“You can't program a festival as a fan,” he says emphatically. “Then you're thinking as a fan and you're assuming people will love the bands that you love. It just doesn't work like that.”
Instead, he says, you have to curate the lineup while remembering that it's not only about putting together a roster that will appeal to a wide cross-section of heads. It's also about branding. Every festival has its own image; it's unique vibrations that attract a certain sort of person whether they hail from Taipei, Toronto, or Timbuktu.
“Half the people will come just because they like your festival; they like the vibe and they like the people who come,” says Frazier, mulling the numbers. “And the other half will be swayed heavily by the music and who the headliners are. I think our ratio is higher for people who just like our festival.”
That the buzz surrounding the Freakout seems to be building each year speaks truth to Frazier's observation. Though none has been done, if a straw poll were to be done among attendees, most would probably say they are drawn in by the overall aesthetic Frazier and his team put together. It's got a little bit of everything, but it doesn't try to be everything to everyone. Rather, it's more about bringing the best of a many different worlds together.
“A friend of mine told me yours is a festival where all the different tribes come together. I definitely like that aspect of it. I feel like that's what a festival is supposed to be.”
As for the future of Urban Nomad Film Fest, the music video competition, and the Freakout, Frazier is looking ahead to the next few steps that could see him find a more comfortable balance between securing sponsorship, maintaining his brainchild's indie/punk mentality, and providing some sort of security for himself (he says he hasn't taken a dime from the festival the past three or four years) and his staff (who all maintain other jobs to get by).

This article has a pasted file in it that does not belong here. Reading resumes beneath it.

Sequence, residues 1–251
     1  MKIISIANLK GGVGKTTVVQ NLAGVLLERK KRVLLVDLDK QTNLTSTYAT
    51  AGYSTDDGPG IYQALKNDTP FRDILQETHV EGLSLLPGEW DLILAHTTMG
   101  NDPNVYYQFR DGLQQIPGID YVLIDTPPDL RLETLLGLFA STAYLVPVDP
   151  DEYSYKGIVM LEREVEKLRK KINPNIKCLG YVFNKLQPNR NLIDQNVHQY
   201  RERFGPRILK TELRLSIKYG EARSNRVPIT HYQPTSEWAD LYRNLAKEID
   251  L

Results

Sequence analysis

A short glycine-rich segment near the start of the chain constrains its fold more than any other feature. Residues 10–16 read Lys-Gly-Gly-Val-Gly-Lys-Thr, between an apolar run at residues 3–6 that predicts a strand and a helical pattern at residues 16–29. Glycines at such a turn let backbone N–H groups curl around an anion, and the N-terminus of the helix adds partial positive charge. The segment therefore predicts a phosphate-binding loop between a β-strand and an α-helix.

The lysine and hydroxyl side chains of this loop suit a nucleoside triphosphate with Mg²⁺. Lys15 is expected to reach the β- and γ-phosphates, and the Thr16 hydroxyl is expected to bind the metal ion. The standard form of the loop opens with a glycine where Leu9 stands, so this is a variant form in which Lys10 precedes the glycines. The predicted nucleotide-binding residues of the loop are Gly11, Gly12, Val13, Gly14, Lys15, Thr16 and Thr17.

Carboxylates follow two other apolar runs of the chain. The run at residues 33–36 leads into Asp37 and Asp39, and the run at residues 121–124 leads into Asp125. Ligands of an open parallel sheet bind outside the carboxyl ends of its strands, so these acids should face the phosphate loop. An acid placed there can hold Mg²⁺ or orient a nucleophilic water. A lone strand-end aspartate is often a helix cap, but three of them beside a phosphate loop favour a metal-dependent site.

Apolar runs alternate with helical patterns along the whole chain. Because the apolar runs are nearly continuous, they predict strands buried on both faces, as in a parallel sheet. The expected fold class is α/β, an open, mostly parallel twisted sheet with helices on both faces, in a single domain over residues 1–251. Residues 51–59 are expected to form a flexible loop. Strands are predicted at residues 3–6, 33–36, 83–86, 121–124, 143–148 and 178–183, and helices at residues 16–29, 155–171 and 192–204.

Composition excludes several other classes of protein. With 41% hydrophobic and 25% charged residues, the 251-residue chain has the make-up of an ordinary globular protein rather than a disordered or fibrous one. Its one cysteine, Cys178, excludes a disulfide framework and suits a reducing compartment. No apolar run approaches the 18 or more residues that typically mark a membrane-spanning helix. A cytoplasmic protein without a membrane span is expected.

It's about building a base budget big enough to live on—hard to do when government funding is at a bare minimum, as he says. As it stands, what Urban Nomad has to live on is less even than what the Chaiyi Art Documentary Film Festival receives, or about a fifth of what the Taiwan International Documentary Festival has to put in its production, both of which are heavily supported by or subsidized by the government. As it stands, Frazier is searching for his own way to secure a sustainable future. But as always, doing so will be on his own terms.
“I would love for [the budget]to be in place where I don't have to pull my beard out every year to make that happen,” he says, “but we're not there yet.”
The 2019 Urban Nomad Freakout takes place at Tiger Mountain April 13th and 14th. One and two-day passes are available at https://urbannomad.kktix.cc/events/urbannomad-wawetw.
The Urban Nomad Film Fest and accompanying music video competition will run from May 16th-26th in Taipei, with more information on venues, films, and more due to be posted soon at http://urbannomad.tw/?lang=en.